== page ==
It is no secret that Washington’s new alliance in the Indo-Pacific will trigger a new arms race. They are no doubt the tools of the global geo-economic war raging between the U.S. and China on strategical coordinates.
The confrontation between two hegemonic powers, one emerging (China) and the other established (America), requires reconfiguring the links of the existing global economic system, which results in interdependence.
China has commercial partnerships with numerous countries across the world, particularly the U.S. So, in order for Washington to form a front against China, these links must first be severed.
The U.S. wants its allies to move away from China. Through the "AUKUS” deal, Australia chose the U.S., not China, as its biggest trading partner.
China, on the other hand, aims to counter America's strategic move with the "One Belt-One Road" project stretching from Beijing to Europe. In a nutshell, the project is regarded as a carrot offered by China to these countries.
Geo-economic warfare is defined as the continuation of war by other means. U.S. President Joe Biden's decision to withdraw troops from Afghanistan does not spell the end of the"forever wars."
“Our true strategic competitors, China and Russia, would love nothing more than the United States to continue to funnel billions of dollars in resources and attention into stabilizing Afghanistan indefinitely," Biden had previously said, which shows that the occupation of Afghanistan is now seen as too risky.
During the Cold War era, the Soviet Union's invasion of Afghanistan paralyzed the Soviet economy. Furthermore, it is said to have played an important role in its eventual demise.
Washington's transition from the so-called "global war on terror" to the "great power struggle" requires an exaggeration of extraordinary proportions of the new "enemy," China.
The Military-Industrial Complex, cultivated by America’s endless wars, requires a bigger enemy. The American people and the peoples of the countries allied with the United States also need to be convinced of this "new menace."
Dominican President Juan Bosch, who was overthrown in a U.S.-backed military coup in 1963, penned a book titled "Pentagonism."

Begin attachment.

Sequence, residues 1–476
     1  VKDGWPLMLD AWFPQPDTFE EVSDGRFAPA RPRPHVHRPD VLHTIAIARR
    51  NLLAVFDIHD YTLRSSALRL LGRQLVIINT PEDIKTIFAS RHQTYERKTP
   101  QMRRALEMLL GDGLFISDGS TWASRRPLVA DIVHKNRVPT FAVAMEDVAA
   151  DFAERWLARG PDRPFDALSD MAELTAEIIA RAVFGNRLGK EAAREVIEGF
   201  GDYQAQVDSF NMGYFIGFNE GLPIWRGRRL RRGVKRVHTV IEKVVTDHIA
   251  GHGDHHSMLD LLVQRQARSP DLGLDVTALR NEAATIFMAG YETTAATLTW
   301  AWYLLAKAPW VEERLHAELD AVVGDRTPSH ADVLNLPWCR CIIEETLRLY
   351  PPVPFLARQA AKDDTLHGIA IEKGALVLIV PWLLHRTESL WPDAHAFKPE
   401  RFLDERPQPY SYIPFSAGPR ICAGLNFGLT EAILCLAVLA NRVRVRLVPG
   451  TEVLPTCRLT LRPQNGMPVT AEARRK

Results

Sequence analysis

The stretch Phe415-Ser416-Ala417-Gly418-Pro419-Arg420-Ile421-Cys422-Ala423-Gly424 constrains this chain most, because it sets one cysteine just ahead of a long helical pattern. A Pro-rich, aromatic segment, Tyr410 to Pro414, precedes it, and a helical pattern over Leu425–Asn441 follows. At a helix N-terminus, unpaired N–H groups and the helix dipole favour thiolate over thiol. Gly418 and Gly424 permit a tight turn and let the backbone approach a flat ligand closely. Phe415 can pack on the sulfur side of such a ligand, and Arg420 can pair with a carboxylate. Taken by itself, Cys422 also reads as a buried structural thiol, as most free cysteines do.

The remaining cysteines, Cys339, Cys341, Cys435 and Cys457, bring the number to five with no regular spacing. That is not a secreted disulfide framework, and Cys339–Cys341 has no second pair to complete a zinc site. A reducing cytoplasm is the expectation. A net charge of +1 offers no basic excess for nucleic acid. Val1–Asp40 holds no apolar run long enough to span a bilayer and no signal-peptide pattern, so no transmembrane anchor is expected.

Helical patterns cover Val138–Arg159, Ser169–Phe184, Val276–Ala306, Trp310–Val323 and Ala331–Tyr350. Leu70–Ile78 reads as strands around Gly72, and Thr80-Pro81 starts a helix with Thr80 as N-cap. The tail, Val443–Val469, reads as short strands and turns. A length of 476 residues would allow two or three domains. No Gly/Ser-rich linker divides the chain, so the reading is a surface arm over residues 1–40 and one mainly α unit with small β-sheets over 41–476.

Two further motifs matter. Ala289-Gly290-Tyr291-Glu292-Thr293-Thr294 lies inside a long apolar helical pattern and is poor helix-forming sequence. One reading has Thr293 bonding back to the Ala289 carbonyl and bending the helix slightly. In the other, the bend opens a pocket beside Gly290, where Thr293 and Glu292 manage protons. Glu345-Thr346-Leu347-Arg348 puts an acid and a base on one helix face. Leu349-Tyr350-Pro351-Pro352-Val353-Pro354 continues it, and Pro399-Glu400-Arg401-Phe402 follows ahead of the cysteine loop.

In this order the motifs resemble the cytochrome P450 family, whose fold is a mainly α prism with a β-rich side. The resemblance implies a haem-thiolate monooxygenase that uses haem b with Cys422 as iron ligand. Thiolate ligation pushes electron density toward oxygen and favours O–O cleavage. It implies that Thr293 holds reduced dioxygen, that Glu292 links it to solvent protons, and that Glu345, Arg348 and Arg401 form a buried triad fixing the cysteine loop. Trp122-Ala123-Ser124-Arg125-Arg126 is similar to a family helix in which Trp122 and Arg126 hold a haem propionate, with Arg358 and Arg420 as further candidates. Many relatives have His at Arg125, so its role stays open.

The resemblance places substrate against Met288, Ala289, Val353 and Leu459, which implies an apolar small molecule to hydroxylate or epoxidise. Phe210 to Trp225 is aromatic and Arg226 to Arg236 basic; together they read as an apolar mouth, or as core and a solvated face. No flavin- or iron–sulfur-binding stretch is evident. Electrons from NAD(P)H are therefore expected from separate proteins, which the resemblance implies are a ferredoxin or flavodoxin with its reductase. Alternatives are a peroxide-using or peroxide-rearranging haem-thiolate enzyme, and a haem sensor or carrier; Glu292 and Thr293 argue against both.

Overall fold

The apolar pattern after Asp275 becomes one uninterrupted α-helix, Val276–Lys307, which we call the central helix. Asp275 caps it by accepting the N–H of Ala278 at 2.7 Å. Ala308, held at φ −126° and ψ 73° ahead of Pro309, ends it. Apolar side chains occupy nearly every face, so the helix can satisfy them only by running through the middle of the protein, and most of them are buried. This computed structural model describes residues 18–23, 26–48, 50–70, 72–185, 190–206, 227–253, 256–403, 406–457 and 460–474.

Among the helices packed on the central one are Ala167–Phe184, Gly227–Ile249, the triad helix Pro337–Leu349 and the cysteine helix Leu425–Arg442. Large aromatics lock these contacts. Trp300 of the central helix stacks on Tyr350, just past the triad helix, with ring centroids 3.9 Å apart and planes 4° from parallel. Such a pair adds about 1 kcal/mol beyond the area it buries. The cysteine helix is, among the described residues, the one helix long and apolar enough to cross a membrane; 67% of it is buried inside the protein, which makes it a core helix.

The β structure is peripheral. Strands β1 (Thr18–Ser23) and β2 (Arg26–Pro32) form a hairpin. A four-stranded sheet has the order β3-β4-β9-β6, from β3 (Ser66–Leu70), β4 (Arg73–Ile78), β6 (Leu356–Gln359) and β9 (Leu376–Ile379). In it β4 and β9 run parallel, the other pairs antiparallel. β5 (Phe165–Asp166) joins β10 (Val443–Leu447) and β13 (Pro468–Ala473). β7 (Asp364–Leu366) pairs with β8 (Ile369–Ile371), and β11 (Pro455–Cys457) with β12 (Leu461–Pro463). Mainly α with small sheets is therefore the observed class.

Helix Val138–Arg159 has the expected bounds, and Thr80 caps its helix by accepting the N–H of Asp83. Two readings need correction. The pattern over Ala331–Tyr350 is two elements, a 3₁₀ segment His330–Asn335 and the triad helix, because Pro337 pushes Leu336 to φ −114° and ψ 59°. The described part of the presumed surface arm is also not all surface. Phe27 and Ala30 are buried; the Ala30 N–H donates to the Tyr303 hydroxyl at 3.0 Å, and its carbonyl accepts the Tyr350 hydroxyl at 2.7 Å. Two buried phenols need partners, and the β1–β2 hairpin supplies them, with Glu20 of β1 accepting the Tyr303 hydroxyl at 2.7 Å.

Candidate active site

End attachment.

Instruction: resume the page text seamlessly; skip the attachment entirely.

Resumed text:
According to Bosch, who argued that classical imperialism was replaced by the more brutal Pentagonism, the first homeland and people to be colonized were North America and the American people.
Since the Military Industrial-Complex was financed by American taxpayers, the U.S.'s forever wars abroad were smokescreens aimed to divert attention from the exploitation of the American people.
For 20 years, U.S. administrations and generals deceived the American public with the lie that everything was going well and peachy in Afghanistan. Many generals who served in Afghanistan were hired on the boards of major arms companies following their retirement.
Some of them were assigned to federal offices related to defense and national security, keeping the cogs of war turning. According to research conducted in the U.S., arms companies constitute one-fifth of the top 20 large companies lobbying the U.S. Congress.
Likewise, more than half of Pentagon spending since 2001 has gone to these companies. It was also revealed that, over the past twenty years, the Pentagon had burned through $14 trillion.
In 2016, the U.S. defense budget stood at $580 billion. Meanwhile, the 2022 Defense Budget will hit $778 billion. This figure is more than what Biden predicted just a few months ago.
In the U.S. House of Representatives, where Democrats hold the majority, only 37 Democratic and 76 Republican lawmakers opposed the budget in their vote. Reluctant Democrats think the budget is bloated, while Republicans think the figure is too conservative. Anti-China hawks argue that the official defense budgets of China and Russia are nothing but mere hoaxes. Accordingly, they argue that the combined real budgets of these two adversaries far surpass that of the U.S.
This surge in the U.S. defense budget contradicts the Biden administration's promise to end the “forever wars.” Another unfulfilled campaign promise is linked to Biden's rhetoric of "techno-authoritarians versus techno-democracies."
This is how the Biden administration distinguishes the U.S. from the “Chinese model.” Political scientists and economists refer to the Chinese model as "State Capitalism.”
Spencer Ackerman, author of the book "Reign of Terror: How the 9/11 Era Destabilized America and Produced Trump," notes that the war in Afghanistan and the larger “war against terror” only served to line the pockets of arms companies.
Again, according to Ackerman, the Military-Industrial Complex is America’s brand of state capitalism.